The Woman Who Lost Her Soul Summary & Study Guide

Bob Shacochis
This Study Guide consists of approximately 58 pages of chapter summaries, quotes, character analysis, themes, and more - everything you need to sharpen your knowledge of The Woman Who Lost Her Soul.
This section contains 676 words
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The Woman Who Lost Her Soul Summary & Study Guide Description

The Woman Who Lost Her Soul Summary & Study Guide includes comprehensive information and analysis to help you understand the book. This study guide contains the following sections:

This detailed literature summary also contains Quotes and a Free Quiz on The Woman Who Lost Her Soul by Bob Shacochis.

This complex novel has two central narrative threads. The first has elements of a political spy thriller spanning continents, decades, mysteries, and brutal acts of violence. The second has elements of a socio-cultural contemplation on America's place, both behind the scenes and in front of the curtain, on the world stage.

The novel develops these aspects of its epic narrative in five parts. Book One moves back and forth between events in 1998 and 1996, primarily in Haiti. In 1998, human rights lawyer and advocate Tom Harrington joins an investigation into the death of Jackie Scott, a photojournalist with whom he became involved in the last days of the Haitian Revolution in 1996. As he looks into her death, he recalls various details of his original relationship with her – her wildness, her sexuality, his own sexual response to her, her interest in voudou, her shifting identity (her real name, he discovers, is Dorothy Chambers), and her mysterious relationship with a U.S. Special Forces operative named Eville (eh-VILLE) Burnette. Book One concludes with Harrington returning to his home life in Miami, having satisfied himself that justice has been served.

Book Two shifts to the mid-1940’s and to Eastern Europe in the aftermath of World War Two. Narration describes traumatic events in the life of a young Croatian refugee, Stjepan Kovacevic (who, the book reveals, eventually changed his name to Steven Chambers and became Dorothy Chambers’ father) and his mother Marija as they escape from the war torn Balkans. Book Two concludes with a reference to how young Stjepan passed on his desire for revenge on his tormentors, both personal and cultural, to his family – the implication being that he passed that desire on to Dorothy.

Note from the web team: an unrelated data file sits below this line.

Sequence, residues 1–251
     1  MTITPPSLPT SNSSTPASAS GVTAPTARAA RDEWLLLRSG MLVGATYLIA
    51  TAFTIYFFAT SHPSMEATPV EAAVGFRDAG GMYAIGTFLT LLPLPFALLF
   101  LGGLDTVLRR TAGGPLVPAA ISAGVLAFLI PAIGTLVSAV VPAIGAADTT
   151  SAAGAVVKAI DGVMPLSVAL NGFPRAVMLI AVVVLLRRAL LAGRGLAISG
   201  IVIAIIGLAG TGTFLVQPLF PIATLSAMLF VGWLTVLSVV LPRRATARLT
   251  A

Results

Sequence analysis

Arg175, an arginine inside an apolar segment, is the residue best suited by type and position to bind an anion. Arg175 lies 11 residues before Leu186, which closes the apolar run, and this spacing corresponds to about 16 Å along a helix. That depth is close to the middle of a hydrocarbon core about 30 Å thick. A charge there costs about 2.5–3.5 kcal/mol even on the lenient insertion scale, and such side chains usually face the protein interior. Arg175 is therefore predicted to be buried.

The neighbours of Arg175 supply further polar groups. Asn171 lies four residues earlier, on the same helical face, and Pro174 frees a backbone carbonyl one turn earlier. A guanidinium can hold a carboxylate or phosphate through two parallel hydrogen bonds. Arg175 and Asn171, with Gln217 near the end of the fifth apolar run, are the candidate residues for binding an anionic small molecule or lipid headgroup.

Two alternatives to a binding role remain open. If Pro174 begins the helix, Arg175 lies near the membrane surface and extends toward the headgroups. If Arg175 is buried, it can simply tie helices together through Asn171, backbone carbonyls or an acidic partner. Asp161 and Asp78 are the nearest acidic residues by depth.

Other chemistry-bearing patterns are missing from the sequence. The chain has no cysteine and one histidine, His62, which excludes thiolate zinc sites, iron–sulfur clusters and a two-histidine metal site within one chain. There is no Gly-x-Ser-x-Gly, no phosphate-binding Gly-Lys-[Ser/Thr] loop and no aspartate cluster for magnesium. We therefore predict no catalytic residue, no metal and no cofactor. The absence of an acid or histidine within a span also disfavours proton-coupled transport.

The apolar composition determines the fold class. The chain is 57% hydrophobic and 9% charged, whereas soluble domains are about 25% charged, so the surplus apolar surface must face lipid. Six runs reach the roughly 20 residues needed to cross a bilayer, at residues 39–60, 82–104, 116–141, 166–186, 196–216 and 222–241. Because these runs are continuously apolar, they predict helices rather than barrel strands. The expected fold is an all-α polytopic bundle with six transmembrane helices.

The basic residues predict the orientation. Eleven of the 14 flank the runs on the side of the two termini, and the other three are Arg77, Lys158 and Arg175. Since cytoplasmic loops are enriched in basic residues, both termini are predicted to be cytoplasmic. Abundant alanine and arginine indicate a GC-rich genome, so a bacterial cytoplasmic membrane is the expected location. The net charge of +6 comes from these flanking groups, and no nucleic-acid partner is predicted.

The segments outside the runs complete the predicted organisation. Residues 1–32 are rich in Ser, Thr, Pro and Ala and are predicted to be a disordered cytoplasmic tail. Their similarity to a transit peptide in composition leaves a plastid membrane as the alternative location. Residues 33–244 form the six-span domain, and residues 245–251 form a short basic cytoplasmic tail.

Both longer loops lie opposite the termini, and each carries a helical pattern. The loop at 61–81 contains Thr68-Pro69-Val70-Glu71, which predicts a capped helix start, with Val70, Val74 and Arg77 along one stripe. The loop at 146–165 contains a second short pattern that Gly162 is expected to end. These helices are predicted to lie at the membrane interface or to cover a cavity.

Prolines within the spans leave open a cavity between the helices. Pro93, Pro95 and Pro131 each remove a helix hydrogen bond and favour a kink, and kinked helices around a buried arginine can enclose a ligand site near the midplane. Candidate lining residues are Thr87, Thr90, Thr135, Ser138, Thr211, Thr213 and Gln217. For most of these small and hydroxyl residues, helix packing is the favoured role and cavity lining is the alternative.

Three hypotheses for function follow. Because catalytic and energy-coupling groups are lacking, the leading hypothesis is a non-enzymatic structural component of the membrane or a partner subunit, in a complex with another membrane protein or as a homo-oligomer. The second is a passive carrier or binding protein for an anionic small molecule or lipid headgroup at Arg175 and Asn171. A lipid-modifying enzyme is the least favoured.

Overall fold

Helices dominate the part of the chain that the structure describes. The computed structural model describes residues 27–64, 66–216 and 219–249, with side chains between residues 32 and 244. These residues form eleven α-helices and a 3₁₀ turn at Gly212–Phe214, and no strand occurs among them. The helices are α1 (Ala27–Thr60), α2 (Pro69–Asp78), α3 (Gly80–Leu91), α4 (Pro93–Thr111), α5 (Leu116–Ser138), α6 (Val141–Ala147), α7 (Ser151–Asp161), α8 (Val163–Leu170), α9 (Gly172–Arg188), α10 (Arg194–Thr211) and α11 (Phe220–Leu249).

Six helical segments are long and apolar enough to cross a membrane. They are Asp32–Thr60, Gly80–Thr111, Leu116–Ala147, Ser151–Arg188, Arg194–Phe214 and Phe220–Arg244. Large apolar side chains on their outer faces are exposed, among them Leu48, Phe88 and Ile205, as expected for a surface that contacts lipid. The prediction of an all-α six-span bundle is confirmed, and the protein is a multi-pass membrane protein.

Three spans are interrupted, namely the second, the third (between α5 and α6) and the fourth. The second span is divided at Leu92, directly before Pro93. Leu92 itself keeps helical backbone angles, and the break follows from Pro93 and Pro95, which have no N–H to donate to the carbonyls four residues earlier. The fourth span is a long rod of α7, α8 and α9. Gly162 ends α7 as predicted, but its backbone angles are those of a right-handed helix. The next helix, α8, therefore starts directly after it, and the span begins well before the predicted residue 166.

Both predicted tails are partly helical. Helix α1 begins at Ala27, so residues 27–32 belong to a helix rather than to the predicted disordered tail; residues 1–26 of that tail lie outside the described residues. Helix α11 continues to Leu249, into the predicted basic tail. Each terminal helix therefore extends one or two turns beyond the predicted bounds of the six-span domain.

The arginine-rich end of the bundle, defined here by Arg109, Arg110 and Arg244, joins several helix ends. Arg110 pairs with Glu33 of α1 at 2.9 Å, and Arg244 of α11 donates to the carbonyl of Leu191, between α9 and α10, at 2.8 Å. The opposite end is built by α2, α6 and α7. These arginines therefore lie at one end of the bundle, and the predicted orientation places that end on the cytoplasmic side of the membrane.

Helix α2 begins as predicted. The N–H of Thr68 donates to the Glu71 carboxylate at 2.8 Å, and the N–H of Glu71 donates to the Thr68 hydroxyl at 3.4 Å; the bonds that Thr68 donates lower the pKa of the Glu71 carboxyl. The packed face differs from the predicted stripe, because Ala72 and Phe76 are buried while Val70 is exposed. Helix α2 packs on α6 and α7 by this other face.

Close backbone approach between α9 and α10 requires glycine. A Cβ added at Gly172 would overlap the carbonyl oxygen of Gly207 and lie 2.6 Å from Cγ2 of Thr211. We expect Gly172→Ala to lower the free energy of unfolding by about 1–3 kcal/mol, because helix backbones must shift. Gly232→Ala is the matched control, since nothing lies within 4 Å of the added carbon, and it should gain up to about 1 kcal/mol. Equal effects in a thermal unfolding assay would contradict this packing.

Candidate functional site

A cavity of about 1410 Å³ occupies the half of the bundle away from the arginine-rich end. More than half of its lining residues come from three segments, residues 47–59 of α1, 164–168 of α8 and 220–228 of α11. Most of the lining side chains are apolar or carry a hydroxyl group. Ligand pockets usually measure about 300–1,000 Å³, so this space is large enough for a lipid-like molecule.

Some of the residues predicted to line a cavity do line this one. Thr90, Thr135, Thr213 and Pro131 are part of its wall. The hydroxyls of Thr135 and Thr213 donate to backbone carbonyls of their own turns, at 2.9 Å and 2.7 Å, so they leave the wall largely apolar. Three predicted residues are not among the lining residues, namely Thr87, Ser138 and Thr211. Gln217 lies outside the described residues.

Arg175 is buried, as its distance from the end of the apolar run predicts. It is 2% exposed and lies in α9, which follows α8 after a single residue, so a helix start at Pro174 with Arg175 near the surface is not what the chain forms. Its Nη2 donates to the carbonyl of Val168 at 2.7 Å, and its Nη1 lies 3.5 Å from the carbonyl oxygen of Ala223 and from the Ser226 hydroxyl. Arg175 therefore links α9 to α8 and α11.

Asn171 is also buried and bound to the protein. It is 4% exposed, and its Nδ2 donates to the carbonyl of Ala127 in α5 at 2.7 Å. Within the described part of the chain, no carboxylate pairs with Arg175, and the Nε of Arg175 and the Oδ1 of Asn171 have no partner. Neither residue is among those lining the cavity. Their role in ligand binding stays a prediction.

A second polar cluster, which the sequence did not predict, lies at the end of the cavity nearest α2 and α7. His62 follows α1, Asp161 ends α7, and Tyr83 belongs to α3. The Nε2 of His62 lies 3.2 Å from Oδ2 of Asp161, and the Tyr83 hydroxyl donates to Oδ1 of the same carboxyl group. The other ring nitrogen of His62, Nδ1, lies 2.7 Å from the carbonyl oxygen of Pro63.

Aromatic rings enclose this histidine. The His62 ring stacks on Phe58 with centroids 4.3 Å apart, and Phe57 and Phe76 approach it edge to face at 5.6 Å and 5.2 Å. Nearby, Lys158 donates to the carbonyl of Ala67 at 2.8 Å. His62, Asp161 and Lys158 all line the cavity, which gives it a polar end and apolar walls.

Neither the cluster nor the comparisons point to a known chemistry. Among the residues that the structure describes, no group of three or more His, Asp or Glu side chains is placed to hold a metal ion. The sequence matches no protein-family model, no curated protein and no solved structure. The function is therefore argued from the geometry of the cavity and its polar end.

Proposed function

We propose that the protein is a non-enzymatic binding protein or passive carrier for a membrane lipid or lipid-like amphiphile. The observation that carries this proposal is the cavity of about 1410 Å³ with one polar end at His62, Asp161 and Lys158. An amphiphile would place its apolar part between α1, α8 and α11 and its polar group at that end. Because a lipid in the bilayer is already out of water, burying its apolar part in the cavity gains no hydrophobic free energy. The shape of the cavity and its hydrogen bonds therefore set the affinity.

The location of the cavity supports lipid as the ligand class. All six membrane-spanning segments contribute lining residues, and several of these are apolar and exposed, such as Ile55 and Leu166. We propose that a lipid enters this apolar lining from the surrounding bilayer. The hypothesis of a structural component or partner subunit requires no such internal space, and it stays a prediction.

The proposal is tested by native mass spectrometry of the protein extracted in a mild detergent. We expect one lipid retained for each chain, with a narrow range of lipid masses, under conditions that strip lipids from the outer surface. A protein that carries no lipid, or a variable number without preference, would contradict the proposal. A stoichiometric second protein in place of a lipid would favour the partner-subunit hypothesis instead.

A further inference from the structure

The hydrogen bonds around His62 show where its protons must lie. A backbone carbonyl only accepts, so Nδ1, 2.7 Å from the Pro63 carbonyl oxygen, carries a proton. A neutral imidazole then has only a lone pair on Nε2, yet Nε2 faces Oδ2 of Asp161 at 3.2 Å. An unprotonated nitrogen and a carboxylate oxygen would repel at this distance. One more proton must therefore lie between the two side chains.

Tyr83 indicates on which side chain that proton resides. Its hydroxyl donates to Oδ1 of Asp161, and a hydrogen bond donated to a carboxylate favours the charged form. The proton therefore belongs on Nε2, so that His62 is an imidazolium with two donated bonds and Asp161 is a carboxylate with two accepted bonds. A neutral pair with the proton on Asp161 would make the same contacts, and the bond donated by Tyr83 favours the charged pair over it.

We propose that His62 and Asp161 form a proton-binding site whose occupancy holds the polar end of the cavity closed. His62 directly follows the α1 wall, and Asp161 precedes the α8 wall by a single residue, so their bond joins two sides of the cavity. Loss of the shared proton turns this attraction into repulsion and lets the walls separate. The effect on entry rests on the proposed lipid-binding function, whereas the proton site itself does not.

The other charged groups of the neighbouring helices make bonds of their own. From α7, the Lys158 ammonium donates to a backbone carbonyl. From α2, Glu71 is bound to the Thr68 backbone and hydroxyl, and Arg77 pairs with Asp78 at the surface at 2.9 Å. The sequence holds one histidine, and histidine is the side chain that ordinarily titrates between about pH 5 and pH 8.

Book Three focuses on Dorothy – specifically, her late teens, which she spent at school in Istanbul, far away from her strange, estranged mother and always looking forward to the next visit from her unpredictable diplomat father. She becomes romantically involved with young Muslim rebel Osman, who presents her with a beautiful blue bracelet that, over time and over every book of the narrative, becomes her most precious possession. Meanwhile, narration reveals that Dorothy has a long and complicated history of being sexually abused by her father, and that he wants her to help him with a tricky diplomatic mission that involves her posing as a prostitute. Dorothy reluctantly agrees, but the mission goes drastically wrong, and she ends up on the run, taking refuge with Osman, who is in turn killed by rival rebels. Dorothy returns to a dull life with her mother in America.

In Book Four, the narrative chronicles the history of Eville Burnette, explaining his involvement with government special forces and agencies, with Steven and Dorothy Chambers and their Secret Service work, and with Tom Harrington. This book concludes with a revisiting of Dorothy’s apparent death, with narration revealing that Burnette accompanied her body back to the United States.

Book Five begins with a scene that reveals Dorothy’s death was actually staged, given that her secret service work in Haiti had put her life in danger. A voudou priest gave her a potion that made her only seem dead, another priest reviving her in Miami and sending her into hiding. As she recovers from the shock of being both temporarily dead and brought back to life, she and Burnette take a holiday together and become romantically involved, only facing the question of what’s going to happen to Dorothy when her father forces the issue. The second half of the chapter describes the aftermath of Dorothy’s apparent death in a bombing in Africa – specifically, her final encounters with both Burnette and her father, and Burnette’s being moved to another posting, in which he’s later made responsible for the supervision for, and care of, the failing Steven Chambers. At a diplomatically important funeral in the Balkans, Burnette finds himself at Dorothy’s grave, contemplating their relationship and their history, and how the desire for revenge can corrupt even the most wholesome human soul.

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This section contains 676 words
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